Gold for Durham is a Blooming Success

Durham Botanical Gardens
Durham Botanical Gardens

Spectacular gardens tended with many hours of tender loving care have brought success to Durham City and County in the Royal Horticultural Society’s Northumbria in Bloom Competition declaring Durham overall winners and Champion of Champions. What a great  accolade.

Chester le Street won Silver Gilt and won the Large Town Category and Stanley won the Silver Award in the Town category. Well done to all concerned.

Floral displays do lift the spirits and make our Towns and Cities more pleasing places to occupy, and of course they generate a lot of work for those involved in their maintenance and upkeep.

Domestic gardens bring joy to their owners and to those close by and people passing, in a busy life the sight of a beautifully kept garden can lift the spirits.

As we approach the Autumn equinox with the prospect of the clocks going back – they fall back in Autumn, the shorter days and in due course frosts, now is the time for gardeners to get out in their plots and tidy up. Why not use a bin liner or two and make your own compost from the leaf material? Place the leaf litter in a bag (not airtight) with some rotting agent, stash it behind the shed and in a year or two you will have beautiful compost – free.

Clear up fallen fruit. Wasps love fallen apples and will crawl all over them so be careful when collecting the wind falls, if not eating the apples compost them, make apple juice, or cider, or apple pies if you have cooking apples. Yum!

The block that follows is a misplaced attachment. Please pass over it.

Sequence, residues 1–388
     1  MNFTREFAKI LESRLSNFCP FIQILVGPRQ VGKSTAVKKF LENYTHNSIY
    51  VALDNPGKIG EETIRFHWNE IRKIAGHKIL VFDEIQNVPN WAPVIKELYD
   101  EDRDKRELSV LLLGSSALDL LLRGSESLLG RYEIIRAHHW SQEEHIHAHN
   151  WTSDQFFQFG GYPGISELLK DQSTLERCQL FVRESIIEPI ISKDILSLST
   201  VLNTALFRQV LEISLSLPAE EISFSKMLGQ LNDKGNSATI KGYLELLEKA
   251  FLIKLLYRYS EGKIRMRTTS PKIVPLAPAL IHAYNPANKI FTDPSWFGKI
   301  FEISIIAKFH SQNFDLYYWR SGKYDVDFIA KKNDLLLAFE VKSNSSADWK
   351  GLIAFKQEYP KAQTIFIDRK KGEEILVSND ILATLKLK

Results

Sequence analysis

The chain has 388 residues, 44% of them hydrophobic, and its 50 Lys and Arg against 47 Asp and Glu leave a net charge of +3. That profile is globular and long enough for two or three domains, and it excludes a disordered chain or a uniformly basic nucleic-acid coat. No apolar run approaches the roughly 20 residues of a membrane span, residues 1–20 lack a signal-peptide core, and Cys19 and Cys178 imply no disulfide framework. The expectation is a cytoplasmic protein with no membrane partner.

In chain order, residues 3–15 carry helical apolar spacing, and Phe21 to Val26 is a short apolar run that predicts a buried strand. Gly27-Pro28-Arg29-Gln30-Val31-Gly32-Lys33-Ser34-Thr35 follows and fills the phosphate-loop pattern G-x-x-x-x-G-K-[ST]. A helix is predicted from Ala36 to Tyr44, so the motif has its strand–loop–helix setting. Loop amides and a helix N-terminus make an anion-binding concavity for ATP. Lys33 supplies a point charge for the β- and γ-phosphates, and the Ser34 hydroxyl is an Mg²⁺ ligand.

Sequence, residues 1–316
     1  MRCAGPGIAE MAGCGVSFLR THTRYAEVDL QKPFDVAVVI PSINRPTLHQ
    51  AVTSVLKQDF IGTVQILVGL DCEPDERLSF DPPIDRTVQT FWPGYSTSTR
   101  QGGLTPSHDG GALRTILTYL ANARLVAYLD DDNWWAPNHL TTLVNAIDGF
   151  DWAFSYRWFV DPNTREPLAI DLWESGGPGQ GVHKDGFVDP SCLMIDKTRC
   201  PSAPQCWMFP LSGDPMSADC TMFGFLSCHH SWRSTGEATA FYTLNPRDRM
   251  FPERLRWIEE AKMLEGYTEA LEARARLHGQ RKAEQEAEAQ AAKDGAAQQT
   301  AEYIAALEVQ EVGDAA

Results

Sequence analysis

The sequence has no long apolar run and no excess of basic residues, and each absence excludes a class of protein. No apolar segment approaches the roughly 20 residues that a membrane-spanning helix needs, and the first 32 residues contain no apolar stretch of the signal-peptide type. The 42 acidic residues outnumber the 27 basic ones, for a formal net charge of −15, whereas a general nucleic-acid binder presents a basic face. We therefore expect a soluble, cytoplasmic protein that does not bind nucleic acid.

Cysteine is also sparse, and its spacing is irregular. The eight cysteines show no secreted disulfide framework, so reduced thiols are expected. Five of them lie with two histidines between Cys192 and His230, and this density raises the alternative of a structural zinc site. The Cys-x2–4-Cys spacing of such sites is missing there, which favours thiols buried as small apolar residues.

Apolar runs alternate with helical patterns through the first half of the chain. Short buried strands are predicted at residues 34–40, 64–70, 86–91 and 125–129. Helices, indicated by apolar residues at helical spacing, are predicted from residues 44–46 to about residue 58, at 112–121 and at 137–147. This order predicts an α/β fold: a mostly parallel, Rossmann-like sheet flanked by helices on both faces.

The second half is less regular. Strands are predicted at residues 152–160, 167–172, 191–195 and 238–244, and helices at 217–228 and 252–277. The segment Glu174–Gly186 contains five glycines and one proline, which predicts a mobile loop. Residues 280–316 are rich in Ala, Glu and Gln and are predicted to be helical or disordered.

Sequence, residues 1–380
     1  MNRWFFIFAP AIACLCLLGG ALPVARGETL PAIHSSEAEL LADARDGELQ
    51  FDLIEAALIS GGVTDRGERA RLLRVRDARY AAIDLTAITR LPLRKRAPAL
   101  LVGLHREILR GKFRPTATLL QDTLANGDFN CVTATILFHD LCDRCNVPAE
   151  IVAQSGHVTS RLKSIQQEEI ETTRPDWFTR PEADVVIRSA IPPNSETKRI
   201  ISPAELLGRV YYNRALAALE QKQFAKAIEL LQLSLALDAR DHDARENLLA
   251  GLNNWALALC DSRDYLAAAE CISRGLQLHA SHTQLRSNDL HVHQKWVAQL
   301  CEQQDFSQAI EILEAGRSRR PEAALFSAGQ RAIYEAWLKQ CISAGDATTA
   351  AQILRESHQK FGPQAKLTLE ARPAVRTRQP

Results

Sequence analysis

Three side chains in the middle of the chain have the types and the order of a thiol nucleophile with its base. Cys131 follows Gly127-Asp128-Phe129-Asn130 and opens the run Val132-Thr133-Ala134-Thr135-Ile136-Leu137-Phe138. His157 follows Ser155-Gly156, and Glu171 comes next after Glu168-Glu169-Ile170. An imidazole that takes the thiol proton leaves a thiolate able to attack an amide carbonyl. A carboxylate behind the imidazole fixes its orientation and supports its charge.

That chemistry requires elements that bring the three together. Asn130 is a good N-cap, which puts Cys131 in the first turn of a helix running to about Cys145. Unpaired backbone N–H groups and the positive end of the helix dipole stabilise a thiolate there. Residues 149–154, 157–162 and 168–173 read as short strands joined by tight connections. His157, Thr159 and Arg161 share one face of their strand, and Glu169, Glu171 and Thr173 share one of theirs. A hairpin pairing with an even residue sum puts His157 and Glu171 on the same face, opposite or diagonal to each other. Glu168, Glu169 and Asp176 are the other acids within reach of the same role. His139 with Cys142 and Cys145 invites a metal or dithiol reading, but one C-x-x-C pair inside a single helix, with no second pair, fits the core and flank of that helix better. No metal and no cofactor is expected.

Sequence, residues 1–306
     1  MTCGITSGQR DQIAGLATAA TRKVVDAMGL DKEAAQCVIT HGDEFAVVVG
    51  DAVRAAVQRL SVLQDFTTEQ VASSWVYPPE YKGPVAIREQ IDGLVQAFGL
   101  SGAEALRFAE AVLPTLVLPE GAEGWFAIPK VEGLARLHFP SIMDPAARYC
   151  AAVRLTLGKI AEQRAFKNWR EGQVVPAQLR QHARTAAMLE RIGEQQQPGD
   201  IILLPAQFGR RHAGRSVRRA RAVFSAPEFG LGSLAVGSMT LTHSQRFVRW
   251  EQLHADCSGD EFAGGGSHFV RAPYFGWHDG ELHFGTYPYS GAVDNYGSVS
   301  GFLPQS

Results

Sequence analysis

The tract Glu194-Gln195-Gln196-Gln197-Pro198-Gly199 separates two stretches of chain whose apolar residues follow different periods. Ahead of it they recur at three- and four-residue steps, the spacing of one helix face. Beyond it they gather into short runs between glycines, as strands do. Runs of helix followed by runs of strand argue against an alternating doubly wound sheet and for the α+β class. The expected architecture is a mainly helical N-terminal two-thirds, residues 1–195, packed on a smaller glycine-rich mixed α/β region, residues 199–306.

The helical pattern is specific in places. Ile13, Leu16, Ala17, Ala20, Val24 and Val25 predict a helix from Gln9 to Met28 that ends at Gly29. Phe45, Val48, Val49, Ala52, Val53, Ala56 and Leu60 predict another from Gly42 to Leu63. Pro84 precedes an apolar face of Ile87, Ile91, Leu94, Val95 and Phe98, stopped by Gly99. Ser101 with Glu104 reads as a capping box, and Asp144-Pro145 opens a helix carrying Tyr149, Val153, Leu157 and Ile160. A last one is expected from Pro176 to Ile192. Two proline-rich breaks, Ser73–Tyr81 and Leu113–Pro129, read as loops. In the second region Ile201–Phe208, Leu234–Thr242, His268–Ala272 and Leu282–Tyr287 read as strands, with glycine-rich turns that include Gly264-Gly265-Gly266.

Prune and tidy up shrubs, cut them back to allow fresh growth next year, please don’t burn brush or leaf piles as Hedgehogs may be in residence.

Buy and prepare to plant next year’s floral bonanza. Most Spring flowering plants, Daffodils, Crocuses and Tulips, need to be planted during Autumn – before the frosts start, as do most shrubs and trees. Plants grown in containers can be planted most of the year but Autumn is best generally for a good display next year.

Remember our furry friends, the feathered ones too, try and make the garden wild life friendly by allowing easy access between gardens – a gap in the fence for Hedgehogs, water available for birds, and ponds for frogs for example. And, please get rid of the slug pellets as they are lethal to the animals and birds that predate on the slugs and snails.

The Royal Horticultural Society and RSPB, have advice on line for people wanting to know about how to make gardens wildlife friendly.

Check out local garden centres, and local Charity organisations that may sell plants, and see what they have or will have available over the next few weeks and plan for a Prize Winning garden in 2017.

Gardening is fun and stress relieving and because it requires a great deal of patience that makes it all the more enthralling.

Can’t be bothered with all that digging and growing? The Durham Botanical Gardens, the lungs of the City, is there for non-gardening garden lovers giving them the opportunity to enjoy the best of both worlds.

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